I receive at least one call a week from frustrated homeowners, house flippers or investors asking me to re-pitch poorly installed gutters. Their thought is that it will be a cheap and cost effective way to make improperly installed gutters function well.
They are mistaken.
Gutters have a piece of flashing that is shaped like a hyper-extended letter L. One flap goes under the shingles (or metal if you have a metal roof) and the other hangs down along the fascia board. The gutter then comes underneath that flap that is hanging down (along the fascia) and that allows water to sheet off of the roof and into the gutter without damaging the fascia board.
Then, (most) gutters are attached by hangers that hook into the front of todays modern k-style gutters and are attached in through the back of the apron and the gutter. The installer then secures it with either screws or nails which go through and connect the back of the hanger, the hanging part of the gutter apron and the back of the gutter, into the fascia.
When a handyman or otherwise unskilled installer tells you they can repitch a gutter, they will be moving the gutter down (remember that the apron cannot be moved down with it), and then an additional hole pierces through the back of the apron and into a part of the gutter that cannot be seen due to the flashing hiding it.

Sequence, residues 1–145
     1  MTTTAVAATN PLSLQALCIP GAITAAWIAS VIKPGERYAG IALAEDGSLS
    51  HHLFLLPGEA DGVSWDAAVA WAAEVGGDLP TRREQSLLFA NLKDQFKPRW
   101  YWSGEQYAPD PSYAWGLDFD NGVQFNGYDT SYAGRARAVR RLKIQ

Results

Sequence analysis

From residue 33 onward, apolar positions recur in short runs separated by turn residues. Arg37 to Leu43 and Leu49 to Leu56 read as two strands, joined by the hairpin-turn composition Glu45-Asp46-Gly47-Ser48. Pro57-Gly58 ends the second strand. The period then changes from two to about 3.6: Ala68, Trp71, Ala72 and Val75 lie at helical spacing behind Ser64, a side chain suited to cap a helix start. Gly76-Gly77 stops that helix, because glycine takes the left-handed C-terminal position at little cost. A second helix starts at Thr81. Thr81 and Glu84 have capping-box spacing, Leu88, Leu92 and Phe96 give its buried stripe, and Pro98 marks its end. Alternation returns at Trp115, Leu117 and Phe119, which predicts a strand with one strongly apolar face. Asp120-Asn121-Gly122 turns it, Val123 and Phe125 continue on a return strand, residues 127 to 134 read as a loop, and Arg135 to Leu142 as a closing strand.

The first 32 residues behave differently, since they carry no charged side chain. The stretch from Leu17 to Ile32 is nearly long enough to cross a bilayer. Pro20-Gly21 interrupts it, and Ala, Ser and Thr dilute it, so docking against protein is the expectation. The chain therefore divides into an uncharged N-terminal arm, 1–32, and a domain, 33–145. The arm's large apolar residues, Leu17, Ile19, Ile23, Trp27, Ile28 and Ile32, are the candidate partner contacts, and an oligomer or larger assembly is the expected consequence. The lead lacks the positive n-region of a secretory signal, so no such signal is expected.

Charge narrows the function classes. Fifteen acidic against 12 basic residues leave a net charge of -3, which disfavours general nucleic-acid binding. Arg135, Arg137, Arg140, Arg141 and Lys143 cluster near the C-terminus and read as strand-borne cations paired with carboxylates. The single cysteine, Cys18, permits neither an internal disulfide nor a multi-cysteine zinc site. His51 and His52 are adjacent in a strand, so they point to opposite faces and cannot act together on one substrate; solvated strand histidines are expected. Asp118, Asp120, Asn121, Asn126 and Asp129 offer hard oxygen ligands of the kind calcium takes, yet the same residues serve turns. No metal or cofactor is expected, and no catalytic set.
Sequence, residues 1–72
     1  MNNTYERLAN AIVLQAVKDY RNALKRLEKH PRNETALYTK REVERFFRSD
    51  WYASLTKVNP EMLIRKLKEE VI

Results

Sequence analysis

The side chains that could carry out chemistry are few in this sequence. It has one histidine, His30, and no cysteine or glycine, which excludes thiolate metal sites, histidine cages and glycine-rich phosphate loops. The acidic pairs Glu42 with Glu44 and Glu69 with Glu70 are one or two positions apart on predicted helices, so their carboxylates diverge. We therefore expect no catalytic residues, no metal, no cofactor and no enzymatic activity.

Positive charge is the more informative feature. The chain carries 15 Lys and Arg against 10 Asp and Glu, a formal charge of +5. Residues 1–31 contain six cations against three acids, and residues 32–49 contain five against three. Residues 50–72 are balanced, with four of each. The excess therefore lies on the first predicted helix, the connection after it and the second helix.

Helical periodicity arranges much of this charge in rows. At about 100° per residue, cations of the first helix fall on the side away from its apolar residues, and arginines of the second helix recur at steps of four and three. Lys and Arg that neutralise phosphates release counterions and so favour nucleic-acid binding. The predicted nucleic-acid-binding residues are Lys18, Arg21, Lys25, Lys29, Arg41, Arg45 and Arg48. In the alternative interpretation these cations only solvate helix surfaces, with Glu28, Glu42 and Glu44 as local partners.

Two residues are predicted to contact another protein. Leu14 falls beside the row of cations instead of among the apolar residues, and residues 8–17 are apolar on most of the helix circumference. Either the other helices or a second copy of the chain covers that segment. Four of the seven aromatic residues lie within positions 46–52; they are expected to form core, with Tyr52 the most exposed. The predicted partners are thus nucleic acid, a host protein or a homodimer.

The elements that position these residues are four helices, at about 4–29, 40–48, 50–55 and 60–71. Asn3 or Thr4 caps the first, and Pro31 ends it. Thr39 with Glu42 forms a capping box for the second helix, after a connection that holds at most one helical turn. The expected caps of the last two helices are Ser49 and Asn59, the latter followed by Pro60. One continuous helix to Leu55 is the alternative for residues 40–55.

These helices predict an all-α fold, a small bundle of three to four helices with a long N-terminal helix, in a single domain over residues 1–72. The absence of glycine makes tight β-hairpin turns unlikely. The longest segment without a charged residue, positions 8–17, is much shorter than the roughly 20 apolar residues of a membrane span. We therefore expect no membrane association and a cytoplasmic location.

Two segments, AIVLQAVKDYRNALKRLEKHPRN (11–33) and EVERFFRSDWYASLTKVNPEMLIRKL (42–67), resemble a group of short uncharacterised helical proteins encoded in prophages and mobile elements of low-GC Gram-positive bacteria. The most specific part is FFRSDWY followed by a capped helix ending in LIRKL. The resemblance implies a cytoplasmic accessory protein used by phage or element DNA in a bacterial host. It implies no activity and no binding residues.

That now-hidden hole allows water to get behind the gutter and rot out the fascia.
While this is a solid construction rule of thumb, with only one exceptions. If you live in a dry climate with low annual rainfalls which does not have freezing temperatures that will allow ice and water to build up behind the apron, this rule is less important.
However, if you are considering buying a house where the gutters have been repitched, you should keep in mind that if they would hide such a glaring problem by making the problem worse, what else are they hiding?